Three UVic scientists earn national honours

Two University of Victoria scientists have joined the ranks of Canada’s academic elite. Geologist Dante Canil and astrophysicist Julio Navarro have been elected fellows of the Royal Society of Canada for outstanding scholarly and scientific achievement. The distinction is considered Canada’s highest academic honour.
The society has also awarded its 2011 Miroslaw Romanowski Medal to UVic climatologist Andrew Weaver for “his exceptional research achievements, scholarly writings and resolute efforts to share his knowledge on climate change [which have been] critically influential the world over.”

Canil is an international leader in the study of the Earth’s mantle, the super-heated layer of rock below the crust that makes up about 85 per cent of the planet’s mass. His pioneering work has greatly expanded our understanding of volcanic rocks that host diamonds, ancient deep regions of the continents, and the evolution of oxygen in the Earth and atmosphere

“A better understanding of diamond geology aids in the exploration of Canada’s North where diamond deposits are concentrated,” says Canil. “And the evolution of oxygen in the mantle—Earth’s largest chemical reservoir—may be key to the rise of oxygen in the atmosphere over time, which led to the evolution of complex life forms on our planet, and possibly others.”

Navarro is one of the world’s leading astrophysicists, whose research on galaxy formation and evolution—primarily using sophisticated computer simulations—has shaped our current understanding of how structures in the universe formed. He is especially well known for his work on dark matter, a mysterious substance that holds galaxies together.

“Cosmology is undergoing a golden age of discovery that promises to rewrite the most fundamental laws of physics,” says Navarro. ”It’s only in the past few decades that humankind has been able to piece together a scientifically verifiable account of how the universe began and evolved. It’s a privilege to be active in this field at this time.”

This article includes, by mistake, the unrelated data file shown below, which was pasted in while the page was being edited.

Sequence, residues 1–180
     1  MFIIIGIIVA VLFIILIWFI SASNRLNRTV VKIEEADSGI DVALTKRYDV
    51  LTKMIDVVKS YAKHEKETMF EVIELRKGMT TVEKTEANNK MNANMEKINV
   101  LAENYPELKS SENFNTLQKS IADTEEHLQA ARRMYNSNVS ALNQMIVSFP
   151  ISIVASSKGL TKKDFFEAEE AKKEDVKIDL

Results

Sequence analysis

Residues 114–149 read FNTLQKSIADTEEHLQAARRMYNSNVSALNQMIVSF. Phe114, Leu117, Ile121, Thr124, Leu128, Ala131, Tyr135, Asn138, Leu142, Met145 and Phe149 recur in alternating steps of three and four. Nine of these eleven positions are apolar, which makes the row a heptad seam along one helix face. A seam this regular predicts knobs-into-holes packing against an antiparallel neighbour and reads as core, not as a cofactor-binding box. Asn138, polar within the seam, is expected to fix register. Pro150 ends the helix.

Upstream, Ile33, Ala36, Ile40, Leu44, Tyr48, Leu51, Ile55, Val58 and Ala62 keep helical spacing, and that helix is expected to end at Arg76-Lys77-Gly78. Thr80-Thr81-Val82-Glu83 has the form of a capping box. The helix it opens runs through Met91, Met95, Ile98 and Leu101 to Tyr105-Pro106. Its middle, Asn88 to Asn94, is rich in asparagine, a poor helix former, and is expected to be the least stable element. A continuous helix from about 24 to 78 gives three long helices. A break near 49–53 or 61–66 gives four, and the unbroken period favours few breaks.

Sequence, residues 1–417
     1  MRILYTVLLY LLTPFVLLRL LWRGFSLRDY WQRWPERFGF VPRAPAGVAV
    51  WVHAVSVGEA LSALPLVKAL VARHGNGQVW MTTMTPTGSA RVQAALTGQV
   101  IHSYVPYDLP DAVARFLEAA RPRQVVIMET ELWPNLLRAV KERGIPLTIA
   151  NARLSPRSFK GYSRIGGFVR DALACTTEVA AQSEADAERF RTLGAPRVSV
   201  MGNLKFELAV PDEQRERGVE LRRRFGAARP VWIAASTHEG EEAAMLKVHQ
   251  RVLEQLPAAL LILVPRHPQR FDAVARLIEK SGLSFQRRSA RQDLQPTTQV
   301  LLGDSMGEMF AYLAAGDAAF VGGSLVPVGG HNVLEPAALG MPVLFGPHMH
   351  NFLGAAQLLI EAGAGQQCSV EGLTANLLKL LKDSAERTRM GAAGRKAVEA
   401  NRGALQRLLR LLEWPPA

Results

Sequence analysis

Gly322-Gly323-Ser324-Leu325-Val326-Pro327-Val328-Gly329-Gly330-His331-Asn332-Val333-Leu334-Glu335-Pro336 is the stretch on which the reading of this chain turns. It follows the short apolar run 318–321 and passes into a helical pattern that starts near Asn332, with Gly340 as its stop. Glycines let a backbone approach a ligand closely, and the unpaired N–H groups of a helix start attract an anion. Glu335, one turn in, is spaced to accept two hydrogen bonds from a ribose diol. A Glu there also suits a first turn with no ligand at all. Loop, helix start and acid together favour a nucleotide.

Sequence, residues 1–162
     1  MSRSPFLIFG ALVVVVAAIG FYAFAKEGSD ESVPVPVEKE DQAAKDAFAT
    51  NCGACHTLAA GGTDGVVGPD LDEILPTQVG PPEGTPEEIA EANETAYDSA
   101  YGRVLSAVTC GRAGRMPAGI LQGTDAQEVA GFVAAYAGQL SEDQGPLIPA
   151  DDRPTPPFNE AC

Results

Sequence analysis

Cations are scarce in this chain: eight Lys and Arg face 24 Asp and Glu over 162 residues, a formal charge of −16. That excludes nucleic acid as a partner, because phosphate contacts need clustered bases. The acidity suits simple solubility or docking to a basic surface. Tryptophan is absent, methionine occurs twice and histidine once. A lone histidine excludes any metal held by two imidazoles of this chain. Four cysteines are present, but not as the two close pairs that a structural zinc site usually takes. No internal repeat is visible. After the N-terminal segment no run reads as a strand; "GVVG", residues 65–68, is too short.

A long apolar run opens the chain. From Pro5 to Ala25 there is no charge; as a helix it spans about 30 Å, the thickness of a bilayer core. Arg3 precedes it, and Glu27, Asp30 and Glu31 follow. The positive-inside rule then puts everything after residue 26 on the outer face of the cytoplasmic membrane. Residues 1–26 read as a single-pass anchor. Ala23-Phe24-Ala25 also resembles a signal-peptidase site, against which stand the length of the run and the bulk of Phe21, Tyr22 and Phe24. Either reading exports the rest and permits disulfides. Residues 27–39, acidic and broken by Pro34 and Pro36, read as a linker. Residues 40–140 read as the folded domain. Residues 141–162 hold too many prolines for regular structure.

Weaver is one of the world’s leading authorities on climate change. He is recognized nationally and internationally as a leader in climate modelling and analysis and, in particular, as an expert on the role of the ocean in climate variability and change. His recent research on ancient climates has contributed significantly to our understanding of climate change and variability over the last 130,000 years of Earth history.

Weaver is also well known for his tireless efforts to engage the public on climate change issues. He is the author of two books for general audiences on climate change: Keeping our Cool: Canada in a Warming World (2008), and Generation Us: The Challenge of Global Warming (2011). Weaver has been a fellow of the Royal Society of Canada since 2001.

With the election of Canil and Navarro, 46 current or former UVic faculty members have been elected fellows of the oyal Society of Canada. More info:



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